On the fourth Saturday of every month, I clean my closet. There is no exception to this rule. For the majority of that morning, I sit cross-legged, as if meditating, in front of my closet among piles of garments I have newly vetoed and begin folding them into bags labeled Sell, Donate and Mom (the stuff in this bag goes to my aunts and cousins).
What you are probably thinking is that as someone who is frequently called an influencer and thus gets given a lot of stuff, that I even have the ability to clean my closet so often is a privilege. Given the frequency with which incoming merchandise is infused into my wardrobe, it makes perfect sense that I should match this volume with that of outgoing merchandise, but no! I have always cleaned my closet on an alarmingly regular basis.
When I think about why that’s possible, I feel guilt about a former fast-fashion addiction (I recall buying at least one thing every week with my allowance over the course of high school and college from either Forever 21, H&M or Zara), but I digress. The whole ritual is curiously cathartic for me. Truly a bit like meditating. I get to think long and hard about what’s in my closet and why it’s there and how it even got there and whether it brings me joy.
Just kidding, I do not ask myself if everything in my closet brings me joy. (If you are unfamiliar, this is a basic principle of Marie Kondo’s tidying method: you’re supposed to ask yourself whether your garments bring you joy and if they don’t, you get rid of them. Personally, I find Marie Kondo to sound a bit like a serial killer so it is hard to take her advice at book value.)
Recently, I heard on a podcast that tidying up is a form of self-respect and that made me feel less compulsive about the whole thing. It’s a nice sentiment, isn’t it? That taking care of your space, respecting your belongings, knowing where everything is at all times is one way to show that you respect yourself? I’m going with it, and because we’re no longer flirting with the beginning of a season but rather are knee-deep in its trenches, I’m also going to suggest that if you have no plans on Saturday morning, you take some time with your closet. Get to know it, you know? Tell your summer clothes to fuck off (but in a nicer tone) and remind yourself constantly as you appraise pilled sweaters and ripped jeans and poorly ironed wool pants that quality trumps quantity. Quality trumps quantity.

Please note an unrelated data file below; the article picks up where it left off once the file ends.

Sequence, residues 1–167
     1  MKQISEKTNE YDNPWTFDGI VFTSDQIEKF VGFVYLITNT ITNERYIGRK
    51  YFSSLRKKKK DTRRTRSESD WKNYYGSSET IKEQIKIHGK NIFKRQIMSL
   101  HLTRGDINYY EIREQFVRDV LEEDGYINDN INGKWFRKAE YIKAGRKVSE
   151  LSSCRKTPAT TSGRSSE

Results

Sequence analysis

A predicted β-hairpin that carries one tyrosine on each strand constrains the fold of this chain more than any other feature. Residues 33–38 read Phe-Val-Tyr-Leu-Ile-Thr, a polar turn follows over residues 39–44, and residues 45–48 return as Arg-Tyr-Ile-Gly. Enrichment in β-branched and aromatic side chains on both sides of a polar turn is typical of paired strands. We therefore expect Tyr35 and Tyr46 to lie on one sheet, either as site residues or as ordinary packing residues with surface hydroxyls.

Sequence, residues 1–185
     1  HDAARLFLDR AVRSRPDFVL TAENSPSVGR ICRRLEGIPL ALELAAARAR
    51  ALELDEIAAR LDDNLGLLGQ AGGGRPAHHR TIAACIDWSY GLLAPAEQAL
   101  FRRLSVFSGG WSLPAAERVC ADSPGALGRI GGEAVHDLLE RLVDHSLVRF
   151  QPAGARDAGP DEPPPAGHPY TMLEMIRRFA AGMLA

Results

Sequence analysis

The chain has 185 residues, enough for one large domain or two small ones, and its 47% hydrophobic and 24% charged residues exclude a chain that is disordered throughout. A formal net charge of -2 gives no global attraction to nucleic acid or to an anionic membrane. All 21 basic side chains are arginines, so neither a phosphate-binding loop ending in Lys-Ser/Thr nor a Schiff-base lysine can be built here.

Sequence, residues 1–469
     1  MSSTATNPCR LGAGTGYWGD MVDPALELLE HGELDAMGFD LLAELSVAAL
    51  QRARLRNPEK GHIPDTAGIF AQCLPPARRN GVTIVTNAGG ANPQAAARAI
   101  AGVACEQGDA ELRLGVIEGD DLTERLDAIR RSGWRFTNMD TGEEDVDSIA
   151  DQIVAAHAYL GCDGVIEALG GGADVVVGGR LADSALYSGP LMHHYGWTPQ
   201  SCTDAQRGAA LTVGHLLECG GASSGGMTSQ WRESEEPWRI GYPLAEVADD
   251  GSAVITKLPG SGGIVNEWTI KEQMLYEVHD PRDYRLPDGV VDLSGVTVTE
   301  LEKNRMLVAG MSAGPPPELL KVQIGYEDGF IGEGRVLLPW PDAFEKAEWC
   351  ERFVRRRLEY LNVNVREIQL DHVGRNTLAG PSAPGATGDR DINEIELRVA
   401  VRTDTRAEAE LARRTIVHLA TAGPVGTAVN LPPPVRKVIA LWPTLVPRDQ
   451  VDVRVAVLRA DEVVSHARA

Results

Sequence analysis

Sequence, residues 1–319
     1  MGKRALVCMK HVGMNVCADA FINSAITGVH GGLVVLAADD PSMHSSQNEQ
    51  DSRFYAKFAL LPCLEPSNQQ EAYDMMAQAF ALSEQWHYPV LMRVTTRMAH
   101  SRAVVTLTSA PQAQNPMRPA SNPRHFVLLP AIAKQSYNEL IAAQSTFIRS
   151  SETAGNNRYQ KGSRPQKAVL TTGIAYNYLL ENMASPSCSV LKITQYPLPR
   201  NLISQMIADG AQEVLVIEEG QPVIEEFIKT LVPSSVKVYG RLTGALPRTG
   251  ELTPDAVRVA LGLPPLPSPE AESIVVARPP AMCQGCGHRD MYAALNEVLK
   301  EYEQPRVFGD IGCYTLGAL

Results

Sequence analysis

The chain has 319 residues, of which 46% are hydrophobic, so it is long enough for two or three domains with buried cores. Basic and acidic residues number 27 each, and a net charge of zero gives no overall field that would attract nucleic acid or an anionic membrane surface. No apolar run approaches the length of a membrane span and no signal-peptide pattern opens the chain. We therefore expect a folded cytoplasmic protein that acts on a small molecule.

What I mean by this is that sometimes it’s really comforting to look into a full closet, even if it’s full of stuff you don’t care about. But wardrobe nirvana, really, is the ability to blindfold yourself and feel satisfied with whatever you subsequently pull out of your closet. This means you are an extremely coordinated shopper, but also that you’ve actually developed that sort of French wardrobe of which women’s magazines are always extolling the virtues.
I’m not sure if I’m supposed to give you closet cleaning tips now, particularly because I find the photo above kind of condescending (ultimately, I *do* have a lot of shit, but that’s the double-edged sword about compulsive behavior, isn’t it?), so instead, I’ll speak to both ends of the compulsion coin and share three questions I ask myself when stuck on a garment while cleaning my closet, and another three I follow (made up?) for shopping. If you feel like I wasted 612 words worth of your time, I’m sorry; here’s the gift of discovery (snake toothpaste!!!!!) to make up for it.
For closet cleaning:
1. When is the last time I wore this? (If the answer exceeds 12 months, I will typically relinquish the garment.)
1a. Do I like how I feel when I wear it, or do I often take it off because even though it makes so much sense theoretically, it never works when I put it on? (If this answer is yes, so long.)
2. Do I have another, better version of this garment that I would almost always choose to wear in its place? (See 1a answer key.)
3. Am I holding on to this because I feel like I have to, even though if I were not blinded by the label inside, I’d have probably gotten rid of it already? (I find this happens a lot with vintage designer clothing.)
1. Am I buying this because I’m bored or because I actually want/need it? (If you’re bored, don’t get it. You probably don’t actually need anything, btw. Unless you’re starting a new job at Goldman Sachs and used to work at Man Repeller in which case, WTF are you doing?)
2. Will the acquisition of this garment provide an overall lift to the rest of my closet? Will it make getting dressed on a consistent basis feel more fun? (If the answer is yes, ka-ching, ka-ching.)
3. What utilitarian purpose does this serve? (If none, that’s okay, but you should know, particularly if you are training to be a professional walker-with-platform-on-head.)
Photos by Krista Anna Lewis.